Just For Fun: My new favorite puzzle!

The World of Shakespeare Jigsaw Puzzle
1000 Pieces
Laurence King Publishing

Departing from talking about books, books, and more books for a moment…

If you read my Monday Check-In posts, you may have noticed that I’ve become obsessed with jigsaw puzzles. Spending a year locked in your house will do that to a person!

I need to take a few beats to rave about how much I loved the puzzle I did this week. It’s The World of Shakespeare, and it’s wonderful.

This 1000-piece puzzle is bright, colorful, and highly detailed, pulling together different parts of the geography of Shakespeare’s time and world. But if you look closely, it also includes people and settings from both the historical time period and from Shakespeare’s plays — so you can find Romeo and Juliet, King Lear, Caliban, and so many more. Some are pretty obvious, some are hidden among tons of other characters and features. It’s so much fun!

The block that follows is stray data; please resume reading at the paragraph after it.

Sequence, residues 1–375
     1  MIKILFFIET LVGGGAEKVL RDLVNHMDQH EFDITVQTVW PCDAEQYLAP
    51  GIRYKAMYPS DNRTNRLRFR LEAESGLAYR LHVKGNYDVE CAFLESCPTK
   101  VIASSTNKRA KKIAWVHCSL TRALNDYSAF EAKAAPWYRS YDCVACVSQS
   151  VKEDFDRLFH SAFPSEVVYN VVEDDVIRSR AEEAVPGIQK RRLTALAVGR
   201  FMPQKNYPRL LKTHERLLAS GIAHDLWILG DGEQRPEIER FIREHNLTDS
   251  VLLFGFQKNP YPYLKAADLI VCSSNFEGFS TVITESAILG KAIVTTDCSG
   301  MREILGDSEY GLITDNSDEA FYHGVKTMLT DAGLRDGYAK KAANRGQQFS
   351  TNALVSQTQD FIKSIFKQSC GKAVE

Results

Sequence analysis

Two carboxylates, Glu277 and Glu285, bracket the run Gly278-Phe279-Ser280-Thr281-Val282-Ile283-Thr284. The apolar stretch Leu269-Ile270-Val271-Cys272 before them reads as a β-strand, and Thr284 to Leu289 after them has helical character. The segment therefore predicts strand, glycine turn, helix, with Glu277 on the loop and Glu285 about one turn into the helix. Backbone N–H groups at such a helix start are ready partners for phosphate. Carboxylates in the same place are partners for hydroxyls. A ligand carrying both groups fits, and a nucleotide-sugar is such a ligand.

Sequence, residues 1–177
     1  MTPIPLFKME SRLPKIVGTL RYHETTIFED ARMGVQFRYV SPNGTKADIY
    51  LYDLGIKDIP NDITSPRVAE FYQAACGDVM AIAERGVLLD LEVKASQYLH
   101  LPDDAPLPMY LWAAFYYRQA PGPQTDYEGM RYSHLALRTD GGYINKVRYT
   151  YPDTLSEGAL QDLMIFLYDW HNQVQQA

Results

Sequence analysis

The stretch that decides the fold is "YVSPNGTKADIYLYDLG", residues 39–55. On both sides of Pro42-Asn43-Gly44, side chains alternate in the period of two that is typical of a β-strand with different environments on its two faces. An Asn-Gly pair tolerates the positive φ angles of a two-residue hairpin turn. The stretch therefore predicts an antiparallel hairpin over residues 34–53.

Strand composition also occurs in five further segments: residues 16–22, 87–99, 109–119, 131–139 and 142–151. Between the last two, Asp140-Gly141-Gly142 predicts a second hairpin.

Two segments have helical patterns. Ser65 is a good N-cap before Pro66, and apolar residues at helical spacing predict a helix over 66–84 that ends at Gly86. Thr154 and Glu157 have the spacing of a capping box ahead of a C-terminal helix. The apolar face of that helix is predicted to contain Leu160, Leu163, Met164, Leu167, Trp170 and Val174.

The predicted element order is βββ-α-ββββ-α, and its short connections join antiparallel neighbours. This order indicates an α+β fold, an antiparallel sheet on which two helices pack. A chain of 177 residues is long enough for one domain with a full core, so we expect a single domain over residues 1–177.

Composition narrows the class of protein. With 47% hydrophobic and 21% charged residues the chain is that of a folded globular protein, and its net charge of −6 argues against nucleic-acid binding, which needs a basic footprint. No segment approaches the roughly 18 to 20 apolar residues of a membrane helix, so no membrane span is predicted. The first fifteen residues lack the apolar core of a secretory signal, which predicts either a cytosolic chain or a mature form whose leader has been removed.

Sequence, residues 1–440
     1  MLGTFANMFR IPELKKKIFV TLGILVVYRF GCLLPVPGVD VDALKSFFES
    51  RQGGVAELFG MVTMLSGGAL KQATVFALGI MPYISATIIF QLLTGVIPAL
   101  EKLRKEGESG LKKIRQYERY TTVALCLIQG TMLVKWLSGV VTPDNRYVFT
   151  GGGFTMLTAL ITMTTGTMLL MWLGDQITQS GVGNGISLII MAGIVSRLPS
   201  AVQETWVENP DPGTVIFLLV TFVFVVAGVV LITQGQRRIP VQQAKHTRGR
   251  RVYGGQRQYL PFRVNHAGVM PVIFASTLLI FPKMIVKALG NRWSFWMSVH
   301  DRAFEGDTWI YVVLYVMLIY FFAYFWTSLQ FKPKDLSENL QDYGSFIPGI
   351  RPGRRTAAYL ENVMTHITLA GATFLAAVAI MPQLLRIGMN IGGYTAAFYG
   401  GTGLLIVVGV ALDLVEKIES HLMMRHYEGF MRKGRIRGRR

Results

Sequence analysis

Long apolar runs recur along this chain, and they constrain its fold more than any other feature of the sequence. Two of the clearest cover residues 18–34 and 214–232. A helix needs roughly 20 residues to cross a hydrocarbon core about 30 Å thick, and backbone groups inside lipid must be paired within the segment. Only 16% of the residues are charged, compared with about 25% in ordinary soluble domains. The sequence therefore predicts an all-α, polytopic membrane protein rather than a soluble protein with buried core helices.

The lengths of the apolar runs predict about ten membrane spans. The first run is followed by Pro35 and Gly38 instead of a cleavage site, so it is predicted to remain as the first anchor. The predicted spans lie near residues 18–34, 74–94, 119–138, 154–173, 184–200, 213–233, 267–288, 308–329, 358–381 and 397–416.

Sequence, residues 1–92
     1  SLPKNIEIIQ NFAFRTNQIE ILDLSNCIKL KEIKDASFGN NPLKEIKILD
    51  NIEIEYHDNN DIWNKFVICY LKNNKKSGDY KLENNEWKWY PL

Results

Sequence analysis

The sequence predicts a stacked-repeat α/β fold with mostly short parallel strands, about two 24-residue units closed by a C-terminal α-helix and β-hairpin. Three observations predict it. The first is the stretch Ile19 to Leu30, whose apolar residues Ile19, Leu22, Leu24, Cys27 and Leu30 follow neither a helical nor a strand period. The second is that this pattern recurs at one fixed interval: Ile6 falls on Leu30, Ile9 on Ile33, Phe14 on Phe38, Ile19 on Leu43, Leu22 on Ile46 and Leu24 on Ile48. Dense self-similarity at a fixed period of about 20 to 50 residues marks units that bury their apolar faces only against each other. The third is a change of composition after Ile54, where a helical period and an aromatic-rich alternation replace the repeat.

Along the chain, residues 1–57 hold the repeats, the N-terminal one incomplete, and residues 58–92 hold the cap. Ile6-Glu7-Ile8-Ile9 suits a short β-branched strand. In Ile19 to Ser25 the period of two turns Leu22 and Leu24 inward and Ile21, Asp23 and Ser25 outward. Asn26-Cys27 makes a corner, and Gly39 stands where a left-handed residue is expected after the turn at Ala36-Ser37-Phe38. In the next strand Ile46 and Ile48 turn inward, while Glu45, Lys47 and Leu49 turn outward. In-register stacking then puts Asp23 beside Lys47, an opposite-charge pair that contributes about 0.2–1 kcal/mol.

Note: Please excuse my shoddy photography. Next hobby goal: Learning to take decent photos!

Ta da! Finished after 3 mad days of obsessive puzzling…

The puzzle comes with a large-sized illustration to use as a guide… and what I really loved is that the back of the illustration zooms in and provides explanation of key people and places. I definitely would not have gotten them all otherwise!

The puzzle pieces themselves are sturdy, small (but not too small), and click together really well. There’s nothing worse than a shoddy puzzle — this one is terrific quality.

Zooming in for more detailed views: